'The Sharpe ratio (also known as the Sharpe index, the Sharpe measure, and the reward-to-variability ratio) is a way to examine the performance of an investment by adjusting for its risk. The ratio measures the excess return (or risk premium) per unit of deviation in an investment asset or a trading strategy, typically referred to as risk, named after William F. Sharpe.'

Applying this definition to our asset in some examples:
  • Compared with the benchmark SPY (0.56) in the period of the last 5 years, the Sharpe Ratio of -0.32 of Boeing is lower, thus worse.
  • Compared with SPY (0.41) in the period of the last 3 years, the Sharpe Ratio of -0.39 is lower, thus worse.

Sortino:

'The Sortino ratio measures the risk-adjusted return of an investment asset, portfolio, or strategy. It is a modification of the Sharpe ratio but penalizes only those returns falling below a user-specified target or required rate of return, while the Sharpe ratio penalizes both upside and downside volatility equally. Though both ratios measure an investment's risk-adjusted return, they do so in significantly different ways that will frequently lead to differing conclusions as to the true nature of the investment's return-generating efficiency. The Sortino ratio is used as a way to compare the risk-adjusted performance of programs with differing risk and return profiles. In general, risk-adjusted returns seek to normalize the risk across programs and then see which has the higher return unit per risk.'

Using this definition on our asset we see for example:
  • Looking at the excess return divided by the downside deviation of -0.46 in the last 5 years of Boeing, we see it is relatively lower, thus worse in comparison to the benchmark SPY (0.79)
  • During the last 3 years, the ratio of annual return and downside deviation is -0.54, which is lower, thus worse than the value of 0.59 from the benchmark.

Ulcer:

'The ulcer index is a stock market risk measure or technical analysis indicator devised by Peter Martin in 1987, and published by him and Byron McCann in their 1989 book The Investors Guide to Fidelity Funds. It's designed as a measure of volatility, but only volatility in the downward direction, i.e. the amount of drawdown or retracement occurring over a period. Other volatility measures like standard deviation treat up and down movement equally, but a trader doesn't mind upward movement, it's the downside that causes stress and stomach ulcers that the index's name suggests.'

Applying this definition to our asset in some examples:
  • Compared with the benchmark SPY (9.33 ) in the period of the last 5 years, the Downside risk index of 45 of Boeing is higher, thus worse.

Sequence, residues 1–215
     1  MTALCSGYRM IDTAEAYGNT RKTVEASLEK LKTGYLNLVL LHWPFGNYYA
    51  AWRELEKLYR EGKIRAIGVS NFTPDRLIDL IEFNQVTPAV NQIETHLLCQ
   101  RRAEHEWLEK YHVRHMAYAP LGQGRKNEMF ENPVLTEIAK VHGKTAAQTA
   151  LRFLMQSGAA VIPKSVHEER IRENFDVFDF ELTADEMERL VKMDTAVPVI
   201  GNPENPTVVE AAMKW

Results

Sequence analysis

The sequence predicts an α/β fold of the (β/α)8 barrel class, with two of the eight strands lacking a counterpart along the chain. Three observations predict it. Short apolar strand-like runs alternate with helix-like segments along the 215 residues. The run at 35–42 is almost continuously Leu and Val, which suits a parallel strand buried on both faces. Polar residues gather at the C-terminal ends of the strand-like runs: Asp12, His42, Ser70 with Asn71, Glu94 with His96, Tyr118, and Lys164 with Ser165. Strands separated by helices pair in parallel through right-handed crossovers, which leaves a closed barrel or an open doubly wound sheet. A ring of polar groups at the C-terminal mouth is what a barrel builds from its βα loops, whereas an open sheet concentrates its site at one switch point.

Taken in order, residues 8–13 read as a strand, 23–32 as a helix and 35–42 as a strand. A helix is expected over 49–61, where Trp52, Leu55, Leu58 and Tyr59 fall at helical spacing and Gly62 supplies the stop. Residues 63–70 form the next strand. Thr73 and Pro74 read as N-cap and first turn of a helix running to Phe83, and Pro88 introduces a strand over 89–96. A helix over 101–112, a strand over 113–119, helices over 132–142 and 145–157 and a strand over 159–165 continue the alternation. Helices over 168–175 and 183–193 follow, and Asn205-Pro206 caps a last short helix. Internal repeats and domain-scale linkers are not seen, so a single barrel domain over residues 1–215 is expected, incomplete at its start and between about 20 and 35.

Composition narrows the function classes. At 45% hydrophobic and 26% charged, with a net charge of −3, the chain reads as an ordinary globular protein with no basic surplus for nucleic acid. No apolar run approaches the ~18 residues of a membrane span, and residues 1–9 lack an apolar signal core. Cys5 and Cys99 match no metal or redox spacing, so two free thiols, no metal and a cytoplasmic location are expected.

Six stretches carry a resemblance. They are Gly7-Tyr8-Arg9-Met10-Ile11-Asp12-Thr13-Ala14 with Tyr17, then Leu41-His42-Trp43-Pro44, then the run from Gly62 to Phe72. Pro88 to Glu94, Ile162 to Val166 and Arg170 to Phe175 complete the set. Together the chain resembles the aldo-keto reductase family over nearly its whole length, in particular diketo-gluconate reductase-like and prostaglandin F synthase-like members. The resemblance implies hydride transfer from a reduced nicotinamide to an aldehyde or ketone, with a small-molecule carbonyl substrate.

• Compared with SPY (10 ) in the period of the last 3 years, the Downside risk index of 26 is higher, thus worse.

MaxDD:

'A maximum drawdown is the maximum loss from a peak to a trough of a portfolio, before a new peak is attained. Maximum Drawdown is an indicator of downside risk over a specified time period. It can be used both as a stand-alone measure or as an input into other metrics such as 'Return over Maximum Drawdown' and the Calmar Ratio. Maximum Drawdown is expressed in percentage terms.'

Using this definition on our asset we see for example:
  • Compared with the benchmark SPY (-33.7 days) in the period of the last 5 years, the maximum DrawDown of -75.2 days of Boeing is lower, thus worse.
  • Compared with SPY (-24.5 days) in the period of the last 3 years, the maximum DrawDown of -54.7 days is lower, thus worse.

MaxDuration:

'The Drawdown Duration is the length of any peak to peak period, or the time between new equity highs. The Max Drawdown Duration is the worst (the maximum/longest) amount of time an investment has seen between peaks (equity highs) in days.'

Using this definition on our asset we see for example:
  • Looking at the maximum days below previous high of 1142 days in the last 5 years of Boeing, we see it is relatively higher, thus worse in comparison to the benchmark SPY (488 days)
  • Looking at maximum days below previous high in of 638 days in the period of the last 3 years, we see it is relatively greater, thus worse in comparison to SPY (488 days).

AveDuration:

'The Drawdown Duration is the length of any peak to peak period, or the time between new equity highs. The Avg Drawdown Duration is the average amount of time an investment has seen between peaks (equity highs), or in other terms the average of time under water of all drawdowns. So in contrast to the Maximum duration it does not measure only one drawdown event but calculates the average of all.'

Which means for our asset as example:
  • The average days under water over 5 years of Boeing is 525 days, which is larger, thus worse compared to the benchmark SPY (123 days) in the same period.
  • During the last 3 years, the average days under water is 276 days, which is greater, thus worse than the value of 179 days from the benchmark.

Performance (YTD)

Historical returns have been extended using synthetic data.

Allocations ()

Allocations

Returns (%)

  • Note that yearly returns do not equal the sum of monthly returns due to compounding.
  • Performance results of Boeing are hypothetical, do not account for slippage, fees or taxes, and are based on backtesting, which has many inherent limitations, some of which are described in our Terms of Use.